not offered a nondisclosure, then it certainly was a mistake. Concerning the deposit, we would only ask for one if the inventor wanted to move forward with our services.”
Determined to see the process through, Johnson began her own online research. “I went to the U.S. Patent and Trademark Office Website, which gives you all the steps you need to follow,” recalls Johnson, who hired an attorney to help her with the patent application. “When searching for a manufacturer, I drew up a nondisclosure agreement, which I had them sign before sharing my idea with them, and I chose the best manufacturer for me and my product.”
Because of her experience with InventHelp, Johnson took a more cautious approach to hiring help, and her caution paid off. She applied for a patent in April 2005, and the Total Travel Bag now has a patent pending. She estimates she invested only about $2,400 to get her product to market.
Last spring, Johnson left her job as a paralegal to work full time on building her company, Jaz Innovations Inc. Her Total Travel Bag (www.totaltravelbag.com) is sold in baby boutiques, on TV, and via the Internet, including at BabyUniverse.com. Johnson is currently in negotiations with two major retailers, Target and Seventh Avenue, to carry the bag. Sales in 2006 reached 2,800 units and $280,000; her profits were $98,000.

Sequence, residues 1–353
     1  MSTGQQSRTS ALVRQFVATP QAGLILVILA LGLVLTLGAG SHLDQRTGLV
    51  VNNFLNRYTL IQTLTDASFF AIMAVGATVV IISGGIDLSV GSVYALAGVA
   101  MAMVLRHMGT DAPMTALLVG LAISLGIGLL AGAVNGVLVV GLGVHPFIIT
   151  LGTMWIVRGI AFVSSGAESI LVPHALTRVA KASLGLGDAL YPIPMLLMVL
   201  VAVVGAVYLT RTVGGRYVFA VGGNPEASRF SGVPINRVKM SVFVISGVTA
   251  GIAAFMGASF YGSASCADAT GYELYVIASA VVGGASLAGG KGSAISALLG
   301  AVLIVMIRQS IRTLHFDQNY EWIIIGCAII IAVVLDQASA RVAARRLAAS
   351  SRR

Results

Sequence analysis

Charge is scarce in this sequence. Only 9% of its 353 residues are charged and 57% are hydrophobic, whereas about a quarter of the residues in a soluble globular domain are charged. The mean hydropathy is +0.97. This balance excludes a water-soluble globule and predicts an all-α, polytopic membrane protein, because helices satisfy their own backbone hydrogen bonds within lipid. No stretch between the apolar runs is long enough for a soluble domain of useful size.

Helping Black Inventors
In 2003, Flowers founded the Chicago 1st Black Inventors/Entrepreneurs Organization (www.cfbieo.org)
to help guide inventors through the development process. “When I was working on getting my product to market, I got a lot of help from my community,” says Flowers, who lives in Chicago. “Friends, family, and neighbors all scraped money together until I had enough to get my product patented and manufactured.” He is determined to return the favor.
The organization has 75 members, all of whom have been helped by its services, which include providing members with idea evaluations, invention process workshops, market strategies, and guidance from the group’s carefully screened network of attorneys, manufacturers, and marketing professionals. Flowers adds, “African Americans have always been inventive, but we haven’t always known that our ideas have value or enjoyed the associated wealth.”
Be Smart: Determine the Legitimacy of an Invention Promotion Firm
Get what you pay for. A reputable invention promotion firm will not ask for large amounts of money up front. Such firms depend on royalties from the successful licensing of client inventions and are selective about whom they work with. If a rep tells you that your idea has merit and then asks for lots of money in advance, the firm is probably not legitimate and you should take your idea elsewhere.
“Our philosophy is that inventors should be in the business of cashing checks, not writing them,” says Michael Collins, CEO of Big Idea Group (www.bigidea group.net), a well — respected invention promotion firm that profits only by receiving a percentage of the royalties earned on a successful product.
Investigate promotion firms before giving them any money. The American Inventors Protection Act of 1999 grants inventors the right